CJEU issues ruling on VAT status of Mercedes leasing agreement

The Court of Justice of the European Union (CJEU) has found in favour of Mercedes-Benz Financial Services UK Ltd (MBFS) in a case concerning the VAT treatment of a specific type of car leasing agreement, in a decision which is likely to have significant ramifications for the automotive finance sector

The case was taken to the CJEU by HMRC from the Court of Appeal. It concerned the VAT treatment of a specific motor vehicle finance agreement called ‘Agility’ which MBFS offered to customers who are undecided as to whether they want to own the car or want to keep open the option of whether to purchase or not.

The Agility agreement is marketed as an hire purchase contract, but offers lower monthly payments than a typical hire agreement and does not cover the full value of the vehicle. It allows the customer to lease the vehicle for a prescribed period, after which the customer can purchase it subject to payment of a final 'optional purchase payment'. Around half of all customers take advantage of the option to purchase, according to the Court of Appeal.

MBFS considers that Agility is a rental agreement with an option to purchase and therefore, treated its supplies as services for VAT purposes.

CJEU case law has established that lease agreements should, as a rule, be treated as supplies of services. However, HMRC argued that the Agility agreement should be treated as a supply of goods. Its view is that this is in keeping with the wording of the VAT Directive, which provides that a contract where ‘in the normal course of events, ownership is to pass at the latest upon payment of the final instalment’ is a supply of goods.

The judge in the MBFS case took the view that ‘legal certainty requires that lease agreements should be regarded as supplies of goods for the purpose of levying VAT only when it can be assumed with certainty that in the normal course of events, at the latest by the end of the agreement term, ownership of the subject matter of the leasing agreement will be transferred to the lessee.’

The CJEU noted that the label attached to a specific agreement for the hiring of a motor vehicle with an option to purchase (e.g. ‘finance lease’ or ‘hire purchase’) is not determinative as to whether the supply is one of goods or services.

The court went on to set the tests to determine whether a supply falls to be treated as goods under Article 14(2)(b) of the VAT directive as being: the contract must include a clause expressly relating to the transfer of ownership of the goods; and objectively assessed, ownership of the goods will pass automatically through the normal performance, over the full term, of the contract.

In a contract where the first of the above tests is met but where the transfer of ownership of the goods is not automatic and is one of a number of options available to the customer (other options being for example to return the goods or extend the hire period), the second test above will not be met. Thus the contract will not fall within Article 14(2)(b).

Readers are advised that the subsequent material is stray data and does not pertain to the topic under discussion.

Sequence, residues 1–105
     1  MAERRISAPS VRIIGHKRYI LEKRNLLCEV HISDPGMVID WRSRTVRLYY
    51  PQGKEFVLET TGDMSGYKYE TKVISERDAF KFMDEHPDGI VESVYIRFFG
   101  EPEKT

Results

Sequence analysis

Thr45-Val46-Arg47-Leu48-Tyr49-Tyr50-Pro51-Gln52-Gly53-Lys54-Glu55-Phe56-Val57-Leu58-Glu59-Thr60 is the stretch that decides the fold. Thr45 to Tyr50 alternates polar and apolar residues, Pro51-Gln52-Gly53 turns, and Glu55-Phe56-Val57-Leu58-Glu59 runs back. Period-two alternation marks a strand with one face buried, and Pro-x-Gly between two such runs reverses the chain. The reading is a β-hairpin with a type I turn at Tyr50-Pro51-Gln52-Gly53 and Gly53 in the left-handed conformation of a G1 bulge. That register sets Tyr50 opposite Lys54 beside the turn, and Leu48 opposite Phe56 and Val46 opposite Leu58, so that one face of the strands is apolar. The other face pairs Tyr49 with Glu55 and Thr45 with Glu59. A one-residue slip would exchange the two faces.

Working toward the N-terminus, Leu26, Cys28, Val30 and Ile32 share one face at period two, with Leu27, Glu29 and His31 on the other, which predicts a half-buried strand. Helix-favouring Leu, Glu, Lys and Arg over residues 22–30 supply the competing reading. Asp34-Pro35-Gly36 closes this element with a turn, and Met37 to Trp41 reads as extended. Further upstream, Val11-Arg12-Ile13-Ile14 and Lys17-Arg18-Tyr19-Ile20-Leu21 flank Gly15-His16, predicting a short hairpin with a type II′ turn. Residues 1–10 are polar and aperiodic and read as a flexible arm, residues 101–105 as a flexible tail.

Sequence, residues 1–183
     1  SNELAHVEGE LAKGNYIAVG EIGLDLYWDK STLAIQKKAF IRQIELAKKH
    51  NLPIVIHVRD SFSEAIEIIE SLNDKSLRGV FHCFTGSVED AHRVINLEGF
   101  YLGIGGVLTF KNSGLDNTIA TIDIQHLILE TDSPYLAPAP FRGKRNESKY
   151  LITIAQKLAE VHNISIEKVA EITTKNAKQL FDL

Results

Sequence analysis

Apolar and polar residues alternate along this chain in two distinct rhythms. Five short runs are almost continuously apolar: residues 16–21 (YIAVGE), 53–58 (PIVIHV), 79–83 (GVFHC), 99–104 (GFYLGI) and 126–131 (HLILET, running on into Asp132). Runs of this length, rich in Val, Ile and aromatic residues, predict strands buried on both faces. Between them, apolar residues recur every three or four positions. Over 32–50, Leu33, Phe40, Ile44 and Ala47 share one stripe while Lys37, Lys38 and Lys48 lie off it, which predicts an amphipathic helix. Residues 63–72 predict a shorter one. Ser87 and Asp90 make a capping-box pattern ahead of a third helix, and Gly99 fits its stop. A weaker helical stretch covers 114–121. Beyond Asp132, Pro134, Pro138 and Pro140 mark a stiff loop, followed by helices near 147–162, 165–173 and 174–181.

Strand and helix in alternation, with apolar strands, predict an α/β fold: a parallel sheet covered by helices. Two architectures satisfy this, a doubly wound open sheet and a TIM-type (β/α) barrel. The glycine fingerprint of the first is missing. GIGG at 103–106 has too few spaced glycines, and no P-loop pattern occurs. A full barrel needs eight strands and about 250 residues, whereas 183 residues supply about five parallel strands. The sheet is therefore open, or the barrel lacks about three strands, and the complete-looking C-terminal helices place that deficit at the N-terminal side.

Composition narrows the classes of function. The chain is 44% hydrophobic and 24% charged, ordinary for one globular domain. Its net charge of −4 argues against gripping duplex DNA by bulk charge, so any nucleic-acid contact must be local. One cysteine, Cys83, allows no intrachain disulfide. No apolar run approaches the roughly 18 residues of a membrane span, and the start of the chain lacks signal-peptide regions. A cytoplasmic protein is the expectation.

However, as an exception to this in regard to the second test, the contract will fall within Article 14(2)(b), where the contractual instalments correspond to the market value of the goods including financing; and the customer will not be required to pay a substantial additional fee in order to exercise the option to purchase.

This decision can create a significant cash flow advantage of not having to account for output VAT upfront, but when instalments are paid.

In commentary on the CJEU’s ruling, KPMG said: ‘In KPMG’s view the application of the CJEU’s guidance when applied to MBFS’s Agility agreements will mean that these contracts should be classified as falling outside Article 14(2)(b) and therefore treated as services.

‘Hire purchase contracts are a common method of financing the purchase of new and used cars in the UK. Therefore, this case potentially has wide ramifications for the automotive retail and finance sectors.’

Stuart Walsh, VAT expert and partner with law firm Pinsent Masons agreed, describing it as ‘a pleasing judgment for taxpayers and welcome news for the car industry at a time of uncertainty.’  He pointed out that the judgment said an option to purchase should only be treated as a 'supply of goods' for VAT purposes if exercising that option is the lessee's ‘only economically rational choice’

‘As the Agility product requires the purchaser to make a payment of around 40% of the total price, then exercising the purchase option is certainly not the customer's only rational choice.

‘It will be left for taxpayers, authorities and the courts to determine whether the exercise of the option requires a “substantial” payment to be made by the customer. In the Agility case, it seems clear that 40% of the total value must qualify as being substantial. However, could the same be said for a product requiring 20% of the total value to be paid?’ Walsh said.

As a result of the judgment, it was likely that VAT would have been overpaid. Customers and car manufacturers ‘will be keen to recover this overpaid tax’, Walsh said.

Case C‑164/16, Commissioners for Her Majesty’s Revenue & Customs v. Mercedes-Benz Financial Services UK Ltd is here.

Report by Pat Sweet

Pat Sweet |Reporter, Accountancy Daily [2010-2021]

Pat Sweet was the former online reporter at Accountancy Daily and contributor to the monthly Accountancy magazine, pub...

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